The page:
When asked what advice he would give to his younger self, Sandro said “Look after number one. Self-belief is so important, as is your mental health and wellbeing. The road to success can be complex and stressful, and it won’t necessarily be easy, so it’s really important that you do it all on your own terms. At the end of the day, the goal is to be able to look back without any regrets and say, this was all worth it. That is the true mark of success.”

For more information about Trio visit:

The Entrepreneur Paradox is also available for purchase on Amazon. 

Income Inequality

The Cultural Impact of Income Inequality

Over the past several decades, as tax cuts and other economic policies have benefited wealthy Americans at the expense of lower and middle-class Americans, the gap between the wealthy and the poor has continued to widen. A number of factors account for this; not only have wages remained virtually stagnant since the 1970s despite accelerating economic growth overall, but the cost of living has also increased, as have expenses for education and health care. This radical transformation in the country’s economic landscape has not only had effects on the financial world, but on the broader cultural environment that informs human behavior in society. Nearly every aspect of life is affected, from entertainment to politics to our shared system of fundamental values. 

Perhaps the most striking example of the broader impacts of income inequality is the fact that rich people live longer lives than poor people. For some groups of disadvantaged people, life expectancy is shorter than it was for their parents, pointing to the extreme effects of these people’s inability to earn as much as their parents did. A number of factors account for this difference in life expectancy; one possible explanation is racism in the healthcare industry, as minorities are both likely to receive less in wages and face discrimination in hospitals and doctor’s offices. Another factor is the fact that people are not able to retire as young as they used to be able to; many workers continue their jobs into their 60’s and 70’s, opening them up to stress and work-related health complications in old age. Additionally, as healthcare costs increase, many lower-income individuals may delay or opt out of doctors’ visits over financial concerns, leading to exacerbated illnesses and early death.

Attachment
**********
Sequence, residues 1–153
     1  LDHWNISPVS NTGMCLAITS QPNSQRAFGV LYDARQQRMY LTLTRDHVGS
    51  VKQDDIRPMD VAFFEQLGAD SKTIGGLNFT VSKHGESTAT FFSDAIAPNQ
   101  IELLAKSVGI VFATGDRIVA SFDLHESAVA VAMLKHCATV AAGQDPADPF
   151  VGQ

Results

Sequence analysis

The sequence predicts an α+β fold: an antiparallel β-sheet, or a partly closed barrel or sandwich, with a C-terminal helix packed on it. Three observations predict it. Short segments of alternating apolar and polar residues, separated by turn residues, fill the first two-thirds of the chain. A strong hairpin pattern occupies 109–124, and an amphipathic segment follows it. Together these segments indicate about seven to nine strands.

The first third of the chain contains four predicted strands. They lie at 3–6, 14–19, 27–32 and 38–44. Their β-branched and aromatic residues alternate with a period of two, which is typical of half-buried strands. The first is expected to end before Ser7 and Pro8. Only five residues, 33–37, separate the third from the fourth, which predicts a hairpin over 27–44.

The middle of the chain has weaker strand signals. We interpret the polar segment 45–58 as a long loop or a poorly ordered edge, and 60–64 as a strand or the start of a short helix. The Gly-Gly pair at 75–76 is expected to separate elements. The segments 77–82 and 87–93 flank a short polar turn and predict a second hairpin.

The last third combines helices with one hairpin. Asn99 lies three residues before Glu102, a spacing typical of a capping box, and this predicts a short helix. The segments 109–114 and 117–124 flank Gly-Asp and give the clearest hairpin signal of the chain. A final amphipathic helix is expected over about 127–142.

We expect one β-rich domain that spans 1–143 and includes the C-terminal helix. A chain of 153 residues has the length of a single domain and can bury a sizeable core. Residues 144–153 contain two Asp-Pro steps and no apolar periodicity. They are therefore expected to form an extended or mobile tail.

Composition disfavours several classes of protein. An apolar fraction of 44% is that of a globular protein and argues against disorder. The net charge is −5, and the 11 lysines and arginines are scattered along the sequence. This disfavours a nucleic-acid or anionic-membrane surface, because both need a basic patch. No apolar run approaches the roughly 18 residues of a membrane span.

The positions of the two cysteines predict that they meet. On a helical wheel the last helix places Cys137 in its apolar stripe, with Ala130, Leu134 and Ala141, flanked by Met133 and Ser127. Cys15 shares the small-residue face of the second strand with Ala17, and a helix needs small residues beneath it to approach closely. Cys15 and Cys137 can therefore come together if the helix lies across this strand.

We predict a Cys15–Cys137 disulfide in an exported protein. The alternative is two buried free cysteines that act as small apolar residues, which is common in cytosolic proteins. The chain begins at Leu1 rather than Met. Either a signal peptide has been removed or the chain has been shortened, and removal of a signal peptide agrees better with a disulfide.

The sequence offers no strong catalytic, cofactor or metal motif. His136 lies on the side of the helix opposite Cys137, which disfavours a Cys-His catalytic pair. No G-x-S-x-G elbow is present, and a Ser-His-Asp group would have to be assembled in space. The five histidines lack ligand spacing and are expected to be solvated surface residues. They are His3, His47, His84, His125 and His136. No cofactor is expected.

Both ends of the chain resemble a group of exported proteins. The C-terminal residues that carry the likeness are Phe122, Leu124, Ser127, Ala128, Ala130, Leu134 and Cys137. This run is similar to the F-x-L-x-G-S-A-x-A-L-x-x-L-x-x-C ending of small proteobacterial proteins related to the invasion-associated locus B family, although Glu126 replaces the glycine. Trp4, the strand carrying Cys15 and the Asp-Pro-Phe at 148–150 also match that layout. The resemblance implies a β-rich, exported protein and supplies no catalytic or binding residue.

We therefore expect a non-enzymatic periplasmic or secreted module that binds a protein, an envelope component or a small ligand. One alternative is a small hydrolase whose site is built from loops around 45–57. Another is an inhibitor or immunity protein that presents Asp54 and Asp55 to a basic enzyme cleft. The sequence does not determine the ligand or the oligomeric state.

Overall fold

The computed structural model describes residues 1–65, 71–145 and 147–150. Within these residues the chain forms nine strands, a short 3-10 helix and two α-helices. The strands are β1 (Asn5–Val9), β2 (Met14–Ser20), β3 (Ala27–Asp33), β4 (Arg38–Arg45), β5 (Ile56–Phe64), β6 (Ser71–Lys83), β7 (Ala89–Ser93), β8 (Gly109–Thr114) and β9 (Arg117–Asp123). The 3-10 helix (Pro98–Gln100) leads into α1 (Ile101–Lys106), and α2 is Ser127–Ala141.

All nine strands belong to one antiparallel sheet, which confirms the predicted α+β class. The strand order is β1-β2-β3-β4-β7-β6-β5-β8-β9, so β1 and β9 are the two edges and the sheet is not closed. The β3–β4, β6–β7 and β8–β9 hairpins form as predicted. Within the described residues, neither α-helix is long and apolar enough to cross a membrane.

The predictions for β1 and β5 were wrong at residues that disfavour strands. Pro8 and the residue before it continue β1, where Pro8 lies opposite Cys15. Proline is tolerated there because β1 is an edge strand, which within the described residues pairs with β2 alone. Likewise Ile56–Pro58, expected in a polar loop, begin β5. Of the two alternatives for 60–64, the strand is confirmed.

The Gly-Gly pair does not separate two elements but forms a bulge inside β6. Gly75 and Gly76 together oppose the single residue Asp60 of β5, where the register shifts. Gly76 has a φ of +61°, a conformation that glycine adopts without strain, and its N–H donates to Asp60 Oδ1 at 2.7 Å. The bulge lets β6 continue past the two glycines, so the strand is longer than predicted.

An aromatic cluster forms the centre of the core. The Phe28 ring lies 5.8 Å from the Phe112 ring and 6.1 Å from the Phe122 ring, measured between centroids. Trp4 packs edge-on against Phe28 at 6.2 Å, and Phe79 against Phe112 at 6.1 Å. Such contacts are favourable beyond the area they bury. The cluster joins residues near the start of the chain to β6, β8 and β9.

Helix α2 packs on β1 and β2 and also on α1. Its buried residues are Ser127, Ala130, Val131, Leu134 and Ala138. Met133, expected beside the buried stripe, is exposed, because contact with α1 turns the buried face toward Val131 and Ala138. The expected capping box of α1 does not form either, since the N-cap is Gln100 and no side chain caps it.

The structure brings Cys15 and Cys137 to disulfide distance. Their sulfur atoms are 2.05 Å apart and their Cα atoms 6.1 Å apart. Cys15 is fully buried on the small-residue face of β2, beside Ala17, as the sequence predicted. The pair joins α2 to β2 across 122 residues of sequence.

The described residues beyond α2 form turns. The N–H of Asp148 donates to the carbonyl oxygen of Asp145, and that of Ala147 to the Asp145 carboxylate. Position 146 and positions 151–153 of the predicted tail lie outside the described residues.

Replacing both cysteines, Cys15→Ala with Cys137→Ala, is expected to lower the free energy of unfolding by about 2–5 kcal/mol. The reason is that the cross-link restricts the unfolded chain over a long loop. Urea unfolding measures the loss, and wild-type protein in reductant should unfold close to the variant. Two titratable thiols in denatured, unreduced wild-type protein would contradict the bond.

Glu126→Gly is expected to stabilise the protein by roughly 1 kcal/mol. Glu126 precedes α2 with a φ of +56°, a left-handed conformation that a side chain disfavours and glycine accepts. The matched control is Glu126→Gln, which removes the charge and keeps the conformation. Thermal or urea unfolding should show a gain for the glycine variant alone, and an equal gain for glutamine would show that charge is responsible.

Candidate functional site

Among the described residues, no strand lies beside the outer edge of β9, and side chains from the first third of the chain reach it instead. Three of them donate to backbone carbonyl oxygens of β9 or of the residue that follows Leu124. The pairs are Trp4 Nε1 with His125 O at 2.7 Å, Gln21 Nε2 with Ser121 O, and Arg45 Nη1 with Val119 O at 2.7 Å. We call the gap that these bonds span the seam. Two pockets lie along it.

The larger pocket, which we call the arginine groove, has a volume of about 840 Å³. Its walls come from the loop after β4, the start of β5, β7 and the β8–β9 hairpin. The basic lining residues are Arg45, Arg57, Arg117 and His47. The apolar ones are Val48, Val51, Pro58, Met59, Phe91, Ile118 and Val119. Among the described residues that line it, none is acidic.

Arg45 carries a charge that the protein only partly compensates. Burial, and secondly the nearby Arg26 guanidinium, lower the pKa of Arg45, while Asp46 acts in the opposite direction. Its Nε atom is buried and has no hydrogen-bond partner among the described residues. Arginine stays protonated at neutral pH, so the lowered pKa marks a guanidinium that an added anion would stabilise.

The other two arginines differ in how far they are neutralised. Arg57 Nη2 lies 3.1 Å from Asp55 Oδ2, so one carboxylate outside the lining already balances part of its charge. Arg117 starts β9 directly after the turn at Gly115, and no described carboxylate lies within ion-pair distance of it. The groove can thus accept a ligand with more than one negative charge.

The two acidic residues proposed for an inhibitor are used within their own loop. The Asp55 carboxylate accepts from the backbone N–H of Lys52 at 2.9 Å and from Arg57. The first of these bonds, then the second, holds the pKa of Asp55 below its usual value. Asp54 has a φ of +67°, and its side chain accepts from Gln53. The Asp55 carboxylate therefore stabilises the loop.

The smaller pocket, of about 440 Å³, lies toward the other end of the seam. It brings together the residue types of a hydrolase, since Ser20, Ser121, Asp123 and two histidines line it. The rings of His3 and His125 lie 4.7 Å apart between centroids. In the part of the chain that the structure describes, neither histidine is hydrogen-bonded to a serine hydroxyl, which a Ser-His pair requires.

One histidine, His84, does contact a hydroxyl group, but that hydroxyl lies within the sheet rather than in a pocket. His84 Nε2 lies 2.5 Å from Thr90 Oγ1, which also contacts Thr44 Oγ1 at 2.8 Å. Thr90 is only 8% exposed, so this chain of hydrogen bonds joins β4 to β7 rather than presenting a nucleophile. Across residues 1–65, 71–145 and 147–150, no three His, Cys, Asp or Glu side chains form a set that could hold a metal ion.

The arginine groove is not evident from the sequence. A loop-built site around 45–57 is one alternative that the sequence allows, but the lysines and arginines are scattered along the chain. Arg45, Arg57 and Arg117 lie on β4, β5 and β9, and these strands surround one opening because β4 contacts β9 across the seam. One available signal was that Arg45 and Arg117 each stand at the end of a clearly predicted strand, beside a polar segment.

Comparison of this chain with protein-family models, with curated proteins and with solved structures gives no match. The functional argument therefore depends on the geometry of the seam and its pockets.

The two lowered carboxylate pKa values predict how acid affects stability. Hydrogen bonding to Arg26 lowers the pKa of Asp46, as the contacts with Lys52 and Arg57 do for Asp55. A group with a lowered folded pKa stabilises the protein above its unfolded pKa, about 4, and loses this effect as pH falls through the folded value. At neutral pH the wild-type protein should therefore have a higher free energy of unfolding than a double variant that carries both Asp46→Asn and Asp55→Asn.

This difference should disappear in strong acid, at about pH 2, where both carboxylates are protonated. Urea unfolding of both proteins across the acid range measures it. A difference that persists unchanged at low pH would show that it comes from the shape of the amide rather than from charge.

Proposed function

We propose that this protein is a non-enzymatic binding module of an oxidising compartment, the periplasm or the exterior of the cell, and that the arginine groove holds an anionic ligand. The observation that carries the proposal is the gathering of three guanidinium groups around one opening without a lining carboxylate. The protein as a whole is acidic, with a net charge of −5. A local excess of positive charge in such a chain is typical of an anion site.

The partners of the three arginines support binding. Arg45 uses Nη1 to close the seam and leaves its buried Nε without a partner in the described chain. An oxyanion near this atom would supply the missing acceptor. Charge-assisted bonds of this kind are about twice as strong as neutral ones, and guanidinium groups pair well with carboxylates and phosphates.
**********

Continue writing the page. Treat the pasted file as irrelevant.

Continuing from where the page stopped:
The type of work people engage in, too, is shaped by income inequality. While human societies have virtually always been divided by class, with lower classes working in service of the upper classes, the widening income gap between the classes has led to an explosion of service-related jobs, such as manicure and massage therapy. These types of jobs often employ immigrants and workers who did not receive a college degree, and are characterized by low pay and poor working conditions. Nail salons in particular are plagued by poor and illegal working conditions, leading to a statewide investigation by New York Governor Andrew Cuomo. 

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This category of work, which many call “wealth work,” also applies to jobs like driving an Uber or delivering food. Though these jobs are beneficial to those without a college education, particularly in the aftermath of the collapse of the American manufacturing industry, they also point to a cultural shift towards more rigid definitions of class, which makes it hard for lower-class individuals to advance in their careers. What’s more, these jobs are often performed with a certain degree of anonymity, as they are performed through an app or in urban business centers far from the worker’s place of residence, in contrast with the more personal interactions between the classes of several decades ago.

The gap in income between the classes correlates with an increase in polarization in American politics; as the Right has moved further to the political right under authoritarian leader Donald Trump, the Democratic Party as a whole has moved to the left in recent years, with once-taboo leftist policy positions like a substantial raise of minimum wage, entirely socialized medicine, the cancellation of student debt, and the idea of a universal basic income becoming topics of open discussion. The wealthy class has also transformed politics through the use of substantial political donations, with Donald Trump having raised well over $100 million for his re-election campaign this year alone. Wealthy donors, including oil executives and Wall Street titans, have successfully lobbied to cut taxes on the super-rich and roll back regulations which are meant to protect customers but impose costs on large companies. On a large scale, the effects of these policy changes have been to further disenfranchise the lower and middle classes in service of the upper class, as evidenced by the rapidly declining quality-of-life of most Americans.